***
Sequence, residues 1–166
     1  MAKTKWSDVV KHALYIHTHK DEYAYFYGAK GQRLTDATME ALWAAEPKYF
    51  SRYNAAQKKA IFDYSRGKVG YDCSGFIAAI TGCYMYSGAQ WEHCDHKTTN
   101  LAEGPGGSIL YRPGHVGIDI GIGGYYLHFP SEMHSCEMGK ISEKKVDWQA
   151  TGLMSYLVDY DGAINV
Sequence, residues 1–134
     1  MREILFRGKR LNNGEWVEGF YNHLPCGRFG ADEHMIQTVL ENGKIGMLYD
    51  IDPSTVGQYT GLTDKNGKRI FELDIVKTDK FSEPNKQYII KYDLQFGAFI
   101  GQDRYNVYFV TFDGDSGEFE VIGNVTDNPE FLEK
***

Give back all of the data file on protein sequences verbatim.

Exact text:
Sequence, residues 1–166
     1  MAKTKWSDVV KHALYIHTHK DEYAYFYGAK GQRLTDATME ALWAAEPKYF
    51  SRYNAAQKKA IFDYSRGKVG YDCSGFIAAI TGCYMYSGAQ WEHCDHKTTN
   101  LAEGPGGSIL YRPGHVGIDI GIGGYYLHFP SEMHSCEMGK ISEKKVDWQA
   151  TGLMSYLVDY DGAINV
Sequence, residues 1–134
     1  MREILFRGKR LNNGEWVEGF YNHLPCGRFG ADEHMIQTVL ENGKIGMLYD
    51  IDPSTVGQYT GLTDKNGKRI FELDIVKTDK FSEPNKQYII KYDLQFGAFI
   101  GQDRYNVYFV TFDGDSGEFE VIGNVTDNPE FLEK